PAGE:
On the 24th of last month, the body of a 94 year old poet prince was led to rest. He was Imamuddin Khan Babi, who wrote poetry by the pen name of Ruswa Mazloom, and was the erstwhile ruler of Pajod, a small jagir in Junagadh district of Gujarat. Few in India have heard his name, and even fewer know that in spite of being the jagirdaar of one of the smallest princely states in India he towered above the other princes of pre-independent India.
During partition, when almost all the rulers of the princely states of Junagadh region including Junagadh, Manavadar, Mangrol and Sardargadh, decided to go with Pakistan, Imamuddin said that India was his motherland and his subjects were like his children, and he could not betray his mother and his children. Imamuddin Khan refused to merge with Pakistan in spite of the fact that most of his relatives were leaving for Pakistan and he was also offered the governorship of Pakistan by the grandfather of the late Benazir Bhutto, who was also a Babi and Diwan to the then Nawab of Junagadh. Sardar Patel was touched by Imamuddin Khan’s gesture of patriotism and instructed the government to sanction an annual honorarium of Rs. 10, 000 to him, which Imamuddin Khan continued to receive till his death.
During the communal riots of 1947, a dargah in Pajod, was destroyed by rioters. Instead of rebuilding the dargah, Imamuddin Khan chose to build a library there. This library stands today as a lesson to every Indian who talks about destroying or rebuilding temples and mosques in disputed areas.
According to historical sources, the Babis came to India from Kanadhar in present day Afghanistan, at the time of Humayun. They worked with the Mughal emperors as their governors or generals. As a reward for their services, the Mughals gifted them with jagirs – large tracts of lands over which they ruled as jagirdars. After the fall of the Mughal Empire the Babi Pathans founded the Nawab dynasty of Junagadh in 1748, which continued up to 1947.
During his brief rule of twelve years, Imamuddin Khan provided his subjects with electricity, established a full fledged hospital in his mother, Zenab Bibi’s name. The doctors of this hospital would offer free services to their patients and even visit them at home. Imamuddin Khan also established a school for Harijans, started a sports club by the name of Ã¢â‚¬ËœIsharat’. He appointed a Harijan woman as its secretary. He also formed a volley ball team of his state and trained two Harijans to become a part of this team. At the time when the king was the owner of the entire land of his kingdom, Imamuddin Khan introduced a law whereby the farmer who tilled the land became its sole owner.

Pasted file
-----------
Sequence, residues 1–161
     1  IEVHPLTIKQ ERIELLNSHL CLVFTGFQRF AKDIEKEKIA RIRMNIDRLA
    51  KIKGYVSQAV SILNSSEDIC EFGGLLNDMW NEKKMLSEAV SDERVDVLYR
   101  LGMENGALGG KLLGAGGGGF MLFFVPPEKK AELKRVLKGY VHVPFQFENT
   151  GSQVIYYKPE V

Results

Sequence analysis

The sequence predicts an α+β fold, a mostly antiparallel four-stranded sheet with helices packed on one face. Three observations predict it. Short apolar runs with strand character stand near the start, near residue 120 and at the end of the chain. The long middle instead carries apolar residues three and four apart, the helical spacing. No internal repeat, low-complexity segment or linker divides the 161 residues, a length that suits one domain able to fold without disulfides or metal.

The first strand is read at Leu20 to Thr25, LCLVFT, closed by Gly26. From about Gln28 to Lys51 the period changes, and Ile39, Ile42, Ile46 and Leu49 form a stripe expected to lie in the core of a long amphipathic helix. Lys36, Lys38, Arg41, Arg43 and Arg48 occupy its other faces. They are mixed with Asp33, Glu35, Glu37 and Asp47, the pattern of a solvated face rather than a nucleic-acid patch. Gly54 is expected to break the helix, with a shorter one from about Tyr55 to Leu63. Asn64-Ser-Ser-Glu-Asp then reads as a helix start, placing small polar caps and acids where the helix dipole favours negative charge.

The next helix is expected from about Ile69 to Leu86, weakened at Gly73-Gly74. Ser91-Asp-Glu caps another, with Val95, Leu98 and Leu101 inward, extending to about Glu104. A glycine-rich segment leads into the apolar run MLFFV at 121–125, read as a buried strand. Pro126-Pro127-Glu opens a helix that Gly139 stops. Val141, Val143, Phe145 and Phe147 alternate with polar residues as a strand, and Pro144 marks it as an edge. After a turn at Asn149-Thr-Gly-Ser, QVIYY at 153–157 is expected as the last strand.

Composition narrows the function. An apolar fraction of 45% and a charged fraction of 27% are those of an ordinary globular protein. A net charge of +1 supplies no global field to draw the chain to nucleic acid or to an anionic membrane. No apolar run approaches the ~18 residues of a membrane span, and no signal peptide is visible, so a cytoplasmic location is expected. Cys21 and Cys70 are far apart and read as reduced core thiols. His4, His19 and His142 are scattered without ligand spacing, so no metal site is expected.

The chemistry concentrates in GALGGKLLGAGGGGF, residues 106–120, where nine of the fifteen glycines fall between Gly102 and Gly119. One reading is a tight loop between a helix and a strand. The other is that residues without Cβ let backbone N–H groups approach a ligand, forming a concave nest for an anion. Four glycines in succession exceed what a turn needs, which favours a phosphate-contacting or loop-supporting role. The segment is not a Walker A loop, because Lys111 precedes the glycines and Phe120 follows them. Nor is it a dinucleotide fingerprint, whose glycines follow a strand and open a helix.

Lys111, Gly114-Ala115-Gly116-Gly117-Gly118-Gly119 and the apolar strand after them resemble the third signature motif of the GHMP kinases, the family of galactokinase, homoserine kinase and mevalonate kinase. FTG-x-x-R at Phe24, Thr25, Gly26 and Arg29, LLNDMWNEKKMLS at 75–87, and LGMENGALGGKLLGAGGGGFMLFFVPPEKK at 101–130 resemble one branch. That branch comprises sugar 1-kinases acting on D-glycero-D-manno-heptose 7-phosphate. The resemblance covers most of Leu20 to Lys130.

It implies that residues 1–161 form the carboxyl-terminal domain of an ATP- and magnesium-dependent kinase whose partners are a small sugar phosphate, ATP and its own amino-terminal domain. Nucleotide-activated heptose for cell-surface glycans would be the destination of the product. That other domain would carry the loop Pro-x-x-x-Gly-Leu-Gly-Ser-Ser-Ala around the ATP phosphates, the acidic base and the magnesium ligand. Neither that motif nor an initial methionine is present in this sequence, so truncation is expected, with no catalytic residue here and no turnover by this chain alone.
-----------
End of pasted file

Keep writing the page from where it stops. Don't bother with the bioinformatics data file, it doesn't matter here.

After independence, he became a member of Congress Seva Dal and continued to work for the progress of his erstwhile state. A lover of poetry, he wrote ghazals in both Urdu and Gujarati, and was popularly known as Ã¢â‚¬ËœRuswa Sahab’. His Urdu collection is titled Ã¢â‚¬ËœMadira’ and his Gujarati collection Ã¢â‚¬ËœMeena’. His ghazals were based on love, compassion and humanitarian values. Imamuddin Khan offered royal patronage to poets like Amrut Bhatt alias Ghayal, Ali Khan Baloch alias Shunya Palanpuri, who are now considered among the prominent poets of Gujarat. Several years ago Imamuddin Khan established an amateur association of poets called Ã¢â‚¬ËœMilan‘. Imamuddin Khan is survived by his son Ayaz Khan. He works as a librarian at the Raj Kumar College in Rajkot and is married to a Hindu lady, who continues to retain her Hindu name – Kirtida.
One of Imamuddin Khan’s own couplet would be an apt epithet to his memory:
Aadmi amal se khud apna faisla kar le,
Ek kadam par dozakh hain, ek kadam par jannat
(Let man decide his own fate by his deeds,
On one side is Hell and on the other Heaven)